The novelist Philip Pullman is among thousands of writers condemning government proposals to restrict the fees they receive from their books used by schools, colleges or universities.
The author, pictured, of the fantasy trilogy His Dark Materials said that the originators of educational material should be paid fairly: "Anything else is simply theft by another name."
Writers including Julia Donaldson and Anne Fine – the current and former Children's Laureate respectively – warn that proposed amendments to the framework for licensing copyright across the education sector will devastate their income.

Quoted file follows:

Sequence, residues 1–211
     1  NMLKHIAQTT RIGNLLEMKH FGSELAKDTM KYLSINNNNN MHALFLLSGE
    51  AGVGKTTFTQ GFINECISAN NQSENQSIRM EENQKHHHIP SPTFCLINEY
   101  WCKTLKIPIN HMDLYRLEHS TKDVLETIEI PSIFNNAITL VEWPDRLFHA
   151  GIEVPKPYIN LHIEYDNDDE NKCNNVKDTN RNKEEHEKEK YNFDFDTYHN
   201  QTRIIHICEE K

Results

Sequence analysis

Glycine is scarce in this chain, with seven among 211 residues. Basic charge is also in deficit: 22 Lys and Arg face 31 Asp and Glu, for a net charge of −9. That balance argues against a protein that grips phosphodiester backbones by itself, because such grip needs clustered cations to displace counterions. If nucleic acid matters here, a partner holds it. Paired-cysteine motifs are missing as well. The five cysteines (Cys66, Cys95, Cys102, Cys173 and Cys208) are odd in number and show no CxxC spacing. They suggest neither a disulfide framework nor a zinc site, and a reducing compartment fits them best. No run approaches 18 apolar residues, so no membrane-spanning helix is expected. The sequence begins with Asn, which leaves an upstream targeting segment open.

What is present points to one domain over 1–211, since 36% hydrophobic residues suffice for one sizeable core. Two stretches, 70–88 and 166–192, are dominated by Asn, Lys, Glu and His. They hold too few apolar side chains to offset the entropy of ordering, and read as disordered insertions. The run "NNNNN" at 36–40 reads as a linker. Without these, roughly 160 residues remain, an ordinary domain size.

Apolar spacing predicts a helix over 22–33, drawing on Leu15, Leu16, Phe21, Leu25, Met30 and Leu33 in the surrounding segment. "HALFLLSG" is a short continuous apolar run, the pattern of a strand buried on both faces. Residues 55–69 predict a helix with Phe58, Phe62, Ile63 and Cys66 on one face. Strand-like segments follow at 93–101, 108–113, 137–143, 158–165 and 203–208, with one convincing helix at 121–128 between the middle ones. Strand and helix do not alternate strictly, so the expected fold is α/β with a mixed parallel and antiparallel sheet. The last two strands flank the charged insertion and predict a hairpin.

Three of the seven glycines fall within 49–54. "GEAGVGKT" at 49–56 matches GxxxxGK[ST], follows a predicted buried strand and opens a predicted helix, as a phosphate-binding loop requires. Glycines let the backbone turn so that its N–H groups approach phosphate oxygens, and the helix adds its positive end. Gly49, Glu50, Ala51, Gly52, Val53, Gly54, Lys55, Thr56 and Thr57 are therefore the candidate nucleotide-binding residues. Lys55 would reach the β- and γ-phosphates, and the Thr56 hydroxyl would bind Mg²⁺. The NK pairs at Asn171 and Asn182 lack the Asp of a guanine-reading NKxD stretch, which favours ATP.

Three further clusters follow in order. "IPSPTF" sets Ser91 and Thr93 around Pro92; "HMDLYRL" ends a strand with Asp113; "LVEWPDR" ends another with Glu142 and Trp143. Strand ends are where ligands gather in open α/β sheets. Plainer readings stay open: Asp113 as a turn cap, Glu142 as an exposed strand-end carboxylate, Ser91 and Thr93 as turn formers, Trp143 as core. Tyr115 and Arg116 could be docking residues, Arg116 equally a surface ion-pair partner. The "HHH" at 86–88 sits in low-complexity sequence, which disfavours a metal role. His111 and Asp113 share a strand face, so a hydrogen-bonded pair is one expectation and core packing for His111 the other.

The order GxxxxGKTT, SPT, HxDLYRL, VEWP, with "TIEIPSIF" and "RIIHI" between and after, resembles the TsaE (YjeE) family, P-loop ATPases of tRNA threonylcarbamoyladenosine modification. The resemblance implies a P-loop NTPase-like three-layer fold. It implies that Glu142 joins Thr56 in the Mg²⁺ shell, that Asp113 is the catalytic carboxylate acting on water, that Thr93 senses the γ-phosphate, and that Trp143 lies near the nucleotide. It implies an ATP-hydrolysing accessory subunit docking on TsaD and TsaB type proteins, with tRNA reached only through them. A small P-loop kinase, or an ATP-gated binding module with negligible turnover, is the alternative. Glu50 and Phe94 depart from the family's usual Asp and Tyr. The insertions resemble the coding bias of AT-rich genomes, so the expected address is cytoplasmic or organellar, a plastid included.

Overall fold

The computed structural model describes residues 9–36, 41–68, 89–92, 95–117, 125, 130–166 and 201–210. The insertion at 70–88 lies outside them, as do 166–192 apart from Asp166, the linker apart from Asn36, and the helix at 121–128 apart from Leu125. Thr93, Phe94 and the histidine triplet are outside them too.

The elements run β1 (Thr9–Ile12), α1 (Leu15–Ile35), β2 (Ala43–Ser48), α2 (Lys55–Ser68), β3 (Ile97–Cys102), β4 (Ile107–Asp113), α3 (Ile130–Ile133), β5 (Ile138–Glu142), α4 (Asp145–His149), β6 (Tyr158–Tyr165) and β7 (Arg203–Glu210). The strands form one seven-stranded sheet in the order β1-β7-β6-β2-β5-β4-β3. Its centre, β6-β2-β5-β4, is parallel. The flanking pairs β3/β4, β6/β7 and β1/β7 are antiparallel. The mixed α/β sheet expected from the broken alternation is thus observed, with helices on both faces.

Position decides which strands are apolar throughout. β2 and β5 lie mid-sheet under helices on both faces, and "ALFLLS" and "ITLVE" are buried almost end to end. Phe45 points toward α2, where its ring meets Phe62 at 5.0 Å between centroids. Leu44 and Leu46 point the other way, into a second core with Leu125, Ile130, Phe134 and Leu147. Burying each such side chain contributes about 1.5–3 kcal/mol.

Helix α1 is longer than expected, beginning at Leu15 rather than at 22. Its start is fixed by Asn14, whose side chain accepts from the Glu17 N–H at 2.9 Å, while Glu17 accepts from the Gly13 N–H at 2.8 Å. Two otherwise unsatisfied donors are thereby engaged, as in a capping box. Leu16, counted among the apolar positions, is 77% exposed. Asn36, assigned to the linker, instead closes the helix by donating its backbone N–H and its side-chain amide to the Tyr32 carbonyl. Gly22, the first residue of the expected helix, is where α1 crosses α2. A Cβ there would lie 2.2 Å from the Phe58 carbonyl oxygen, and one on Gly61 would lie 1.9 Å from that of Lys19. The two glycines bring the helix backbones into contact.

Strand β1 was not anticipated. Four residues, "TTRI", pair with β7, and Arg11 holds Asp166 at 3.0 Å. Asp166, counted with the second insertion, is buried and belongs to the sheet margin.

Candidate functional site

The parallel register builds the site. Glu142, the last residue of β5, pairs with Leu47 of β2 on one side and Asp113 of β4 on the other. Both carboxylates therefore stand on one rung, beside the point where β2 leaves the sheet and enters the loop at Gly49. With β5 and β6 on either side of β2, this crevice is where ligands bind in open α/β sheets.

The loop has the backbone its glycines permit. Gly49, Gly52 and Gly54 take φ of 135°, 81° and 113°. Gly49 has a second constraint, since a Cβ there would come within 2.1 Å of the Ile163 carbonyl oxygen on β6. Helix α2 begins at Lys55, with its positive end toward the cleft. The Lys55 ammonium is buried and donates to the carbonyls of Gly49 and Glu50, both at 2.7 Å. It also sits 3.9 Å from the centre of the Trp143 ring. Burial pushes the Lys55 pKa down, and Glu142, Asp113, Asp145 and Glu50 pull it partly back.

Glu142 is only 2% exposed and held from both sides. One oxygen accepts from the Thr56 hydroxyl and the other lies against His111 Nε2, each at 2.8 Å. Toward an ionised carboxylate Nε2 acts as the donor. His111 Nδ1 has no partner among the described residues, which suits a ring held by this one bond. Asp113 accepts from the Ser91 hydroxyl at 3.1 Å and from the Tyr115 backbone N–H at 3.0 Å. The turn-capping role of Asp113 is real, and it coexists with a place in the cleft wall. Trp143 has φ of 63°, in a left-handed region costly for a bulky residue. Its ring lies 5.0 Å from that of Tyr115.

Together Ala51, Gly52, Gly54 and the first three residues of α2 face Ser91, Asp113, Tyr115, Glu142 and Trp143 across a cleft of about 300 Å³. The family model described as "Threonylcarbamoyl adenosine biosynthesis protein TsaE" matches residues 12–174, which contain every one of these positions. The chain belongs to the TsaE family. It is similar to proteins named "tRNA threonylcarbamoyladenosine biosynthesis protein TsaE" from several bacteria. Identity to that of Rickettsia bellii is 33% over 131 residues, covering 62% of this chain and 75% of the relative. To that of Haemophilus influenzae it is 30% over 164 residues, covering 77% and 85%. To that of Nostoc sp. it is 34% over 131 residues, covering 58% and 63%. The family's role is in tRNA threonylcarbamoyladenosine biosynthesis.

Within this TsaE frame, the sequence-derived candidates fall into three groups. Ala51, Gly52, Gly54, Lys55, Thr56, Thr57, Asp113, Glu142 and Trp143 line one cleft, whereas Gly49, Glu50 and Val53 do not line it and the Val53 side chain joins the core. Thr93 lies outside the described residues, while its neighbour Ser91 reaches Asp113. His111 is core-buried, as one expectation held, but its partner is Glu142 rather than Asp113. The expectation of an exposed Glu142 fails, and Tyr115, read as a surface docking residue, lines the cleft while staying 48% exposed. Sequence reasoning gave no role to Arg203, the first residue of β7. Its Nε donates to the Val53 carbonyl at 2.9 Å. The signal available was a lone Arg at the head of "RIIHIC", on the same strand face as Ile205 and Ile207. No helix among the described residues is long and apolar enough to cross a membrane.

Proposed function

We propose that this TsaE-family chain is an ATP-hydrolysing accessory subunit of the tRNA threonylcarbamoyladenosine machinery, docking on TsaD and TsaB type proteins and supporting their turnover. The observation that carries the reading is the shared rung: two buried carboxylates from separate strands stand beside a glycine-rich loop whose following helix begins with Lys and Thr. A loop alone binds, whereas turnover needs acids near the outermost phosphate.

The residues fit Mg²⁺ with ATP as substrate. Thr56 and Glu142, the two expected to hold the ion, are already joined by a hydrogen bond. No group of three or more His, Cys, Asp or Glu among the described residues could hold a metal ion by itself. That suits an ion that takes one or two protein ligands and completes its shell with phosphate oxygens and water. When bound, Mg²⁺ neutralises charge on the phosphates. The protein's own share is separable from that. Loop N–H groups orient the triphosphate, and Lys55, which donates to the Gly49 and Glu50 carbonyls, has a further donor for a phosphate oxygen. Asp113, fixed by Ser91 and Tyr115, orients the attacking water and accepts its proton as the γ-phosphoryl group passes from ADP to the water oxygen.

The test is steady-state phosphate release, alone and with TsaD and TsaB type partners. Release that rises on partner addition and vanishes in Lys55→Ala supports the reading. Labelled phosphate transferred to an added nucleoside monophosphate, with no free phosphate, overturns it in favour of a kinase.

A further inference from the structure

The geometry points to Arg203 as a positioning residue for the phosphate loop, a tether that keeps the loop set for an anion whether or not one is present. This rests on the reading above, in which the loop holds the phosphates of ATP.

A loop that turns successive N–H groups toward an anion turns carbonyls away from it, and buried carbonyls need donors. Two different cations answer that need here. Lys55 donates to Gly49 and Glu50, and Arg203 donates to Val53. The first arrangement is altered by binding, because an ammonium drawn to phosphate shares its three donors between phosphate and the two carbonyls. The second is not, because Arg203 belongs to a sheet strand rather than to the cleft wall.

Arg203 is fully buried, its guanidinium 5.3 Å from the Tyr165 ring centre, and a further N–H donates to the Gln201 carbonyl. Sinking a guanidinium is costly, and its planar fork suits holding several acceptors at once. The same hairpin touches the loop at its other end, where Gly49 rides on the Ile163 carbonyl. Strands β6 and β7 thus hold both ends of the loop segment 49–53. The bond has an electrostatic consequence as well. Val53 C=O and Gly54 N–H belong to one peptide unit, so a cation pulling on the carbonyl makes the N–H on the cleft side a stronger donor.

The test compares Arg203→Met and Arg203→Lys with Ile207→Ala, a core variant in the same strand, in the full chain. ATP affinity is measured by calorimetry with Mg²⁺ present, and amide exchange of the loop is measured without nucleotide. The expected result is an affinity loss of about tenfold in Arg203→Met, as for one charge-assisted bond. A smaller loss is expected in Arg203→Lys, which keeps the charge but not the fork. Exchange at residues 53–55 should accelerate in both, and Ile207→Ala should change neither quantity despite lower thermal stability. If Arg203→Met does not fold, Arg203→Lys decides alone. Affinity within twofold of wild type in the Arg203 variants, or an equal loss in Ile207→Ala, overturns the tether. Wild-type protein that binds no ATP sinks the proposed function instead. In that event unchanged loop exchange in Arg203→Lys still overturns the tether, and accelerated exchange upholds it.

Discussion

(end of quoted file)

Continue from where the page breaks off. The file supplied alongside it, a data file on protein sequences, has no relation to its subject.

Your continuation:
Although many of the writers are not well-known names, their textbooks are required reading for students, and they rely on the royalties for as much as half their earnings. Under the present system, educational establishments are permitted to copy hundreds of thousands of published texts for annual fees – equating to about £2.75 per student – through the licensing schemes operated by the Copyright Licensing and Educational Recording Agencies. The Authors' Licensing & Collecting Society (ALCS) distributes the royalties. Last year, around 18,500 writers shared more than £7m of such income.
For many writers, these fees exceed direct sales of their books because schools, colleges and teachers buy one copy of a book and photocopy text.
Authors are outraged that the Government wants to increase the amount of their work that schools can copy without paying for the time spent on researching and writing.
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